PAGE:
Happy birthday Quicksort!

Marianne Freiberger Share this page

Next month sees the 60th birthday of Quicksort, a sorting algorithm that even at its advanced age is still hailed as one of the best. In the previous article Quicksort's inventor, Tony Hoare, told us how his famous brain child was preceded by something called bubble sort. We now go on to explore Quicksort itself. It's not as simple as bubble sort, but the idea is beautifully elegant.

Let's assume from now on that the list of things that need to be put into order are numbers that need to be arranged in ascending order (the algorithm works the same for any other list of object and orderings). Given such a list of numbers, you first choose a pivot number in your list. It's against this number that you compare all other numbers in the list.

As an example, let's choose the pivot to be the first number in the list. The overall idea is to now check through all the remaining numbers and move them before the pivot if they are smaller than the pivot. The pivot number is now in its correct position in the list: all the numbers that are smaller than it come before it and all the numbers that are larger come after it. Here is an example:


As our example indicates, it may be that the other numbers are not yet in the correct order. If this is the case, you simply apply the same process to the smaller part of the list and larger part of the list separately: you pick the first number in each list as the pivot and partition each list into a smaller and larger part. You carry on like this until at your last iteration all the sub-lists contained either one or no number at all. When this has happened your list is sorted.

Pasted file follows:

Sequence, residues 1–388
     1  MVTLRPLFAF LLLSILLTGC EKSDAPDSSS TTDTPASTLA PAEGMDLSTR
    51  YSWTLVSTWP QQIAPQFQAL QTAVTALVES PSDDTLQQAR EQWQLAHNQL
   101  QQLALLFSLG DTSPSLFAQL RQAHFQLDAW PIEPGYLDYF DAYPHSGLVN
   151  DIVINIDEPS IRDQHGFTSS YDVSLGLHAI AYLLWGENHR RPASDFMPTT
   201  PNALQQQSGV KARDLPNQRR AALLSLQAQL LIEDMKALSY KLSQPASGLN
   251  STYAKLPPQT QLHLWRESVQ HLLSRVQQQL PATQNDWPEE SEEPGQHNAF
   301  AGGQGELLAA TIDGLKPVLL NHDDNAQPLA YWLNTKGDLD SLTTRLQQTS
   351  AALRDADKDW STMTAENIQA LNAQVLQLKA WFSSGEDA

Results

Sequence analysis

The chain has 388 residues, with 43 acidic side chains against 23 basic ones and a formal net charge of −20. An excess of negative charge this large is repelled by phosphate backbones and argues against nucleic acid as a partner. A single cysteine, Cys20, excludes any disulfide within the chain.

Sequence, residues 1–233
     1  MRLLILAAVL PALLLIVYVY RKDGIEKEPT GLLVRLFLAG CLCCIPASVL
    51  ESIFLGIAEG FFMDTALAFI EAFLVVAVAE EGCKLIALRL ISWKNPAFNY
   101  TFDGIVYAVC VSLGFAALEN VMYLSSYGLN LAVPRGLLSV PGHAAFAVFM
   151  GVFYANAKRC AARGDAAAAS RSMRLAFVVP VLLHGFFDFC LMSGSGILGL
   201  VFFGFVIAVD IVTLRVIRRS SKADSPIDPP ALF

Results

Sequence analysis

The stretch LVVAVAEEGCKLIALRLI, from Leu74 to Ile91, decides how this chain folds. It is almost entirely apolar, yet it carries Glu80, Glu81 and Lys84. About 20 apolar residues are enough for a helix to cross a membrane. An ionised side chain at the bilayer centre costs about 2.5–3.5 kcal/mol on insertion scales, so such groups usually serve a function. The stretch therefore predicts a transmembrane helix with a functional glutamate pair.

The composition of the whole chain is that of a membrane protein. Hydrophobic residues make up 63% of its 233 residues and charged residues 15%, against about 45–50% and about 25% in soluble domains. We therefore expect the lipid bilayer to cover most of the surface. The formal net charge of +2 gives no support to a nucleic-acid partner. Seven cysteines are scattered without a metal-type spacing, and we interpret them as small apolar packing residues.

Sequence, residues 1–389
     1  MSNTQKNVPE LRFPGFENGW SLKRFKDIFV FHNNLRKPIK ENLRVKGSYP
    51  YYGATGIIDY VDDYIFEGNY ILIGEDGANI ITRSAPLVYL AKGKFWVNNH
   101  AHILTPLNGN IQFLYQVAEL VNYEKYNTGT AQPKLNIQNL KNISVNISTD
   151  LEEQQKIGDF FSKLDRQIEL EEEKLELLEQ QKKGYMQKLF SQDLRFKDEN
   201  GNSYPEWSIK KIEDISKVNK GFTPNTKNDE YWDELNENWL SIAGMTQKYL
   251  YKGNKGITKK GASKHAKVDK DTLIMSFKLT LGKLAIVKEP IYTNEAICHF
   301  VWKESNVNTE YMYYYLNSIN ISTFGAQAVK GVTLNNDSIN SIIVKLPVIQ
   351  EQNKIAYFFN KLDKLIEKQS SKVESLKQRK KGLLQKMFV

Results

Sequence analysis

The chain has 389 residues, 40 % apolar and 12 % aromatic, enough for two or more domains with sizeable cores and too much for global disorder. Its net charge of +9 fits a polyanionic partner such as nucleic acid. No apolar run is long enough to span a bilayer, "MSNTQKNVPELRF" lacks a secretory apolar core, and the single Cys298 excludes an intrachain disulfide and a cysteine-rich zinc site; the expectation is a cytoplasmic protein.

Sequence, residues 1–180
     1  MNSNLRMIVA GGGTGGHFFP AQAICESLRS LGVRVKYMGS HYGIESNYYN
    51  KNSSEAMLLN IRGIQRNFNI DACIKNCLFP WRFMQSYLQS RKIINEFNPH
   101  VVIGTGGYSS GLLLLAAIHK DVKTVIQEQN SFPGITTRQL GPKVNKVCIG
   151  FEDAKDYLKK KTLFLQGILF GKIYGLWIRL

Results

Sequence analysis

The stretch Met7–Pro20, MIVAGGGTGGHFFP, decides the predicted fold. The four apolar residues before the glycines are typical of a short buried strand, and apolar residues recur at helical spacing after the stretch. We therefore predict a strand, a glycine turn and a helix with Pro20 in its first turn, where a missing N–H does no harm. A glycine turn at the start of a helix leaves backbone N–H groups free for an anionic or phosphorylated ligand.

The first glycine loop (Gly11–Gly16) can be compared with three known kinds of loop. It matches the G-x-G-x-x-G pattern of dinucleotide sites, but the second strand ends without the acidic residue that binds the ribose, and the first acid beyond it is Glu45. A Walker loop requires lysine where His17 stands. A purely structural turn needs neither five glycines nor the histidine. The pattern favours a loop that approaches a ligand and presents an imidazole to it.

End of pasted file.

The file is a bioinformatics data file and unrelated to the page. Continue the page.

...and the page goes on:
The question now is, how exactly do you do the partitioning of the list into numbers that are smaller than the pivot and numbers that are larger? You could just define two new lists, one called SMALLER and one called LARGER, and then sort numbers into SMALLER and LARGER as appropriate. For a computer this means defining extra data structures (two new lists at each round of the overall process) which in turn means using more memory. It would be better to avoid this by doing the partitioning in a way that doesn't need extra lists.

Hoare thought up an ingenious way of doing just that. Imagine again a list of numbers with the first position chosen as the pivot. Now imagine putting your left index finger on the number to the right of the pivot (the second number), and your right index finger on the last number. The aim is to find pairs of numbers that are in the wrong order (with respect to the pivot) and swap them, by scanning the list both from the left and from the right.